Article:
As economic changes and regulatory winds continue to blow faster every year, credit unions should prepare for the future by effectively collecting and storing their data.
Recently, in my native state of Minnesota, a winter storm warning caused people to panic. Many people rushed to their local retailer for common household goods like fuel and food. They needed to store up different essentials in case they got stuck in their homes. It is amazing to see how people prepare when they know there is a storm brewing. Credit unions, similarly, are on the verge of a storm. Regulations and lending clubs are the main threats. Lending clubs are using data to steal members from credit unions while regulations are requiring more detailed (and forward looking) reporting. Lending clubs continue to take market share from credit unions without any physical branches. At the same time, the Financial Accounting Standards Board (FASB) has recently introduced a new regulation for calculating ALLL (Allowance for loan and lease losses), current Expected Credit Loss (CECL), and will require credit unions to account for the expected credit losses over the life of every loan. Credit unions must begin building their data reserves to support future decisions needed to serve their members. In order to comply with regulations and implement predictive analytics to stave off competition, credit unions must build a large data reserve.
Analytic Data Model
In order to prepare for regulations and defeat lending club competition, credit unions must begin storing their data. Deciding how to store data is a crucial strategic decision many credit union leaders are overlooking. Simply storing data in an archive is not enough. Data must be effectively integrated across systems to make sense of it at the organizational level. Executives do not want to know what data is in a loan origination system or a CRM database. They want to know what happened across the business over a period of time. Building an analytic data model (ADM) that syncs the business with its data is essential in preparing the data reserve.
Scalable Data Warehouse
Storing data in a scalable data warehouse is another essential step in building your credit union’s data reserve. Data warehouses should be designed to scale with the credit union business model. As source systems are inaugurated and decommissioned, your data warehouse should be able to seamlessly integrate all organizational data no matter what source systems are tapped.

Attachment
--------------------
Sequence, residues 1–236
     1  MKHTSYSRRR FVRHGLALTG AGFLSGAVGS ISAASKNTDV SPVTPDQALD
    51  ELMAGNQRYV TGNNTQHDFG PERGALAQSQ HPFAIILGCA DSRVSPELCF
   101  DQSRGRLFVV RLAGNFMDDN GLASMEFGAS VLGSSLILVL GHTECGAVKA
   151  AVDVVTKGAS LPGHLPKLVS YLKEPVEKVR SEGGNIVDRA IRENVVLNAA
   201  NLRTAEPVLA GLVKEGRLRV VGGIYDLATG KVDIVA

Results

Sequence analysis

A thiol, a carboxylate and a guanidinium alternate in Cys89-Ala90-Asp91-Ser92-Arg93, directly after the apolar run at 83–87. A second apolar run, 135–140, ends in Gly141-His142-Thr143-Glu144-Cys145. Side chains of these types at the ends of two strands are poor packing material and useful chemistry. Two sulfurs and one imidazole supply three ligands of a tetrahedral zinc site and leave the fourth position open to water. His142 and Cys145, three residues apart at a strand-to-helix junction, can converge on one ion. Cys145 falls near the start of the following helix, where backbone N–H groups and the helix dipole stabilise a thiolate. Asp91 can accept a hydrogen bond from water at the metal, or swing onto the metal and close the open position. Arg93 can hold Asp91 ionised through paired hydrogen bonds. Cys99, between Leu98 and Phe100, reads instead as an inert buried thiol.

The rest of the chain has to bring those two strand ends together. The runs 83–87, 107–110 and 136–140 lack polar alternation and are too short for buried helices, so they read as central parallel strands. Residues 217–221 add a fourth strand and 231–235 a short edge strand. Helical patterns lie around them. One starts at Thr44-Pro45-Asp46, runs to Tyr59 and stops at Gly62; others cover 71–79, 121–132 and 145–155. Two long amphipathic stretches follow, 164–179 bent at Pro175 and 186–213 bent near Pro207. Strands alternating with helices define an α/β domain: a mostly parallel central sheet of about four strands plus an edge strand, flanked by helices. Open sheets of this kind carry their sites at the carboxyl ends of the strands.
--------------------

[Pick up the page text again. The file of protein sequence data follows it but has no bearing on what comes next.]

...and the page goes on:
The FASB has almost completed the CECL model for all financial institutions. It will require integrated historical data that many credit unions do not have. The former model used for ALLL accounting looked at “incurred” losses and was backward looking in nature. The new model may require all lenders to account for the risk of every loan throughout its entire lifecycle. A forward looking model will require more history to ensure the predictions of a loan’s future are accurate. This means that predictive analytics will be required for all credit unions when CECL is implemented as the new standard. Gathering data for as many years into history as possible should be a top priority for credit unions in 2016.
CECL is now a prime motivator to collect more data. However, the increased accuracy that more historical data brings to forecasting will allow credit unions to serve their members in a much more effective way. Determining the “next best product” is a great example of how predictive analytics will improve service to members. Credit unions will be able to predict the next need of every member and give forward looking advice through members’ preferred channels of communication. If a member got married in the last couple years, the credit union could offer a mortgage loan. If they recently paid off a car loan, the credit union can market a new vehicle loan. Housing a large data reserve, will give credit unions a boost in their predictive analytics capabilities.
There are other factors affecting every loan throughout the credit union. Monetary policies determined by the federal government, unemployment rates, and other sources of vital data will continue to keep the credit union in control of their destiny by effectively utilizing Big Data. Integrating Big Data from government, economic sources and other 3rd party databases will give credit unions vision to navigate the coming storm.
Credit Unions’ Future
As credit unions continue to hone their data analytics skills and amass a large data reserve, they will be able to continue learning from patterns and trends found in their data. Preparing for changes in regulations and the many opportunities (or threats) credit unions face will be much easier if a robust data reserve is established. Just as Minnesotans stock up on essentials prior to a blizzard, credit unions should see their data in the same light. They need data as their essential stockpile in times of economic uncertainty.
Now is the time to build a data reserve!